House Republican: Stop the Concessions to Putin's Russia
(CNSNews.com) – Accusing the Obama administration of handing Vladimir Putin’s Russia “one concession after another and getting virtually nothing in return,” a senior House Republican said Wednesday trade restrictions should not be lifted until the Kremlin is held “accountable for actions that run contrary to U.S. national security interests.”
Addressing a House Foreign Affairs Committee hearing on Russia, Chairman Ileana Ros-Lehtinen (R-Fla.) called Washington’s approval in December of Russia’s accession to the World Trade Organization (WTO) “the most recent gift.”
The administration now wants to grant Russia permanent normal trade relations (PNTR) – formerly known as most-favored nation status – a move encumbered by the continued application of the 1974 Jackson-Vanik amendment to Russia.
The Cold War-era provision in U.S. law linked trade with Moscow to free emigration for Jews and other religious minorities. Putin has called it “anachronistic,” and the Obama administration and many others concur that it is outdated.
“That amendment has long been a symbol of U.S. commitment to human rights and democracy in Russia,” Ros-Lehtinen said. “Removing Russia from its provisions would be interpreted in Moscow and elsewhere as a seal of approval from the U.S. Congress, even as the human rights situation in Russia continues to deteriorate.”
She voiced the hope that “Congress will not grant one more concession to Russia without first holding Moscow accountable for actions that run contrary to U.S. national security interests and to such foreign policy priorities as the promotion of human rights and democracy.”
The administration argues that Jackson-Vanik will harm U.S. exporters once Russia is in the WTO, since in the event of a dispute with Russian companies, they would not be able to use WTO dispute-resolution mechanisms.
“As part of the process of Russia acceding to the WTO, President Obama has now asked Congress to repeal Jackson-Vanik to ensure that our own exporters – American exporters – benefit from Russia’s accession to the WTO,” State Department spokeswoman Victoria Nuland told a briefing last week.
“Because if we have this kind of non-WTO compliant legislation on the books against any country,” she continued, “then once that country accedes, our own companies cannot take full advantage of the WTO mechanisms.”
Nuland questioned the provision’s relevance: “It’s also a piece of legislation, as you know, that was designed to encourage the Soviet Union to allow free emigration,” she said. “Now we have Russia; we don’t have those kinds of emigration problems, so we think it’s time for repeal.”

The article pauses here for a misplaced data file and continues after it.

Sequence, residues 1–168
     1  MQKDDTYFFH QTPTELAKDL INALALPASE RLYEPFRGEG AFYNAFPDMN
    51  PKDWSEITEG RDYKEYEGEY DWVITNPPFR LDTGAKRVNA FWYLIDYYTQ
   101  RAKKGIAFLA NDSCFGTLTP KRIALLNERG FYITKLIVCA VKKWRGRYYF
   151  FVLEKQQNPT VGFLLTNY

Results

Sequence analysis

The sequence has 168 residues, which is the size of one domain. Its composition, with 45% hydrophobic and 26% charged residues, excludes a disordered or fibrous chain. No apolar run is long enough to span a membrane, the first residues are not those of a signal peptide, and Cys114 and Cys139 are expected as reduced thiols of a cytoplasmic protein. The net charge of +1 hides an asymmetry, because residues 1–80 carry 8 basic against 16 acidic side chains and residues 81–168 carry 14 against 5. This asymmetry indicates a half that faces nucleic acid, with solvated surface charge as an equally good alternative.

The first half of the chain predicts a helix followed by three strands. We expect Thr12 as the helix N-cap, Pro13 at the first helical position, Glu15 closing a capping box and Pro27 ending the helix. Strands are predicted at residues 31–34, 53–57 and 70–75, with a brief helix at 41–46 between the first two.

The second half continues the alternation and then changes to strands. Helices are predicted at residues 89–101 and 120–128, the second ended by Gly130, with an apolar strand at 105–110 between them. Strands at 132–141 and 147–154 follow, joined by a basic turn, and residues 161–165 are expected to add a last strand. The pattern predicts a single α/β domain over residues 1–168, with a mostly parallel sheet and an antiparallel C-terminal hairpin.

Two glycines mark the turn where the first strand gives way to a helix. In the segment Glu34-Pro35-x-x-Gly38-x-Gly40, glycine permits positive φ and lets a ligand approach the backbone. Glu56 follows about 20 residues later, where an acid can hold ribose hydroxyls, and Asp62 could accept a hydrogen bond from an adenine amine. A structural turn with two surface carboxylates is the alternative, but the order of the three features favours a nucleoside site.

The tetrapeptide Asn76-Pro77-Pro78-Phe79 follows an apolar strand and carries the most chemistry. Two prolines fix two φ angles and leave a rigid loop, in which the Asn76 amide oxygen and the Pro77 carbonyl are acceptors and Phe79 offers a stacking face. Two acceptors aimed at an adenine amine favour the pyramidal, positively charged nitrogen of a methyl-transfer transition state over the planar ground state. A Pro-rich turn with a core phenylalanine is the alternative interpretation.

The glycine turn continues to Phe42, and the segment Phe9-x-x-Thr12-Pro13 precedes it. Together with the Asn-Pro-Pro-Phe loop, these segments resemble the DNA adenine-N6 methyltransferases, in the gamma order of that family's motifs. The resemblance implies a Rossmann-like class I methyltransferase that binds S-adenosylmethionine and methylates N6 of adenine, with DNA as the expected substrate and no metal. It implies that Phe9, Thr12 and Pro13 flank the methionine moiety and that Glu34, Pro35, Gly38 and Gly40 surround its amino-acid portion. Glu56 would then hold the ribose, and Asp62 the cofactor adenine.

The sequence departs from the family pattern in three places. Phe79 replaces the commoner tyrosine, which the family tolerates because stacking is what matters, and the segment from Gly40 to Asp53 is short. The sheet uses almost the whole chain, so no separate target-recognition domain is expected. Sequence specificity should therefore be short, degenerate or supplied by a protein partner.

During Wednesday’s Foreign Affairs Committee hearing, Ros-Lehtinen pointed to a number of Russian domestic and foreign policies, citing corruption, the monopolization of power, harassment of human rights activists and political opponents, Putin’s “anti-American rhetoric,” failure to cooperate at the U.N. regarding Iran’s nuclear program and Syrian atrocities, threats to aim missiles at NATO countries over the missile defense dispute, weapons sales to Venezuela’s Chavez regime, and the 2008 invasion of Georgia and continued occupation of parts of that country.
“I don’t know of anyone who expects Russia’s policy toward the U.S. to change for the better,” she said. “So what should the U.S. do? The most important step must be to stop giving Moscow one concession after another and getting virtually nothing in return.”
Testifying at the hearing, Steven Pifer, director of the Brookings Institution’s Arms Control Initiative argued in favor of lifting Jackson-Vanik and granting Russia PNTR status.
“That will increase U.S.-Russian trade; one estimate suggests that American exports to Russia could double,” he said in written testimony. “If, on the other hand, the amendment is still in place when Russia accedes to the World Trade Organization this summer, American companies that wish to export to Russia will be disadvantaged.”
Pifer said the Jackson-Vanik amendment had achieved its aims with regard to Russia, which had met its requirements in the mid-1990s.
David Kramer, president of the democracy watchdog Freedom House, said in his testimony he has long supporting lifting the Jackson-Vanik provisions’ application to Russia, but argued against doing so without putting an appropriate alternative in its place.
Specifically, he urged Congress to pass legislation dubbed the “Justice for Sergei Magnitsky” bill, which would impose a visa ban and asset freeze against Russian officials suspected of involvement in the 2009 death of attorney Sergei Magnitsky, who died in custody after alleging wide scale official tax fraud.
The Senate version of the Sergei Magnitsky Rule of Law Accountability Act of 2011 extends the provisions beyond the Magnitsky case, to cover officials “responsible for extrajudicial killings, torture, or other gross violations” against human rights advocates and individuals seeking to expose illegal government activity in Russia.
“I am not prepared to support graduating Russia from Jackson-Vanik in the absence of passing the Magnitsky legislation,” Kramer told the panel. “It would send a terrible signal to lift Jackson-Vanik and have nothing to take its place. It would be perceived by the Kremlin as weakness on our part, a symbolic award to a Russian government undeserving of any such measures, and would undermine the very people in Russia whom we want to support.”